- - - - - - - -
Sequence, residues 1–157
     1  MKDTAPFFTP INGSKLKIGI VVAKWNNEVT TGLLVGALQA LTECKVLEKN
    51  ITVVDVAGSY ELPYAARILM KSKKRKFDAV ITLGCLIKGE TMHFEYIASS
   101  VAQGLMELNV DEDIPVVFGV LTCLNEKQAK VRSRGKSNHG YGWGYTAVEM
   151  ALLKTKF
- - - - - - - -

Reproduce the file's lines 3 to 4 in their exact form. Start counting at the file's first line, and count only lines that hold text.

    51  ITVVDVAGSY ELPYAARILM KSKKRKFDAV ITLGCLIKGE TMHFEYIASS
   101  VAQGLMELNV DEDIPVVFGV LTCLNEKQAK VRSRGKSNHG YGWGYTAVEM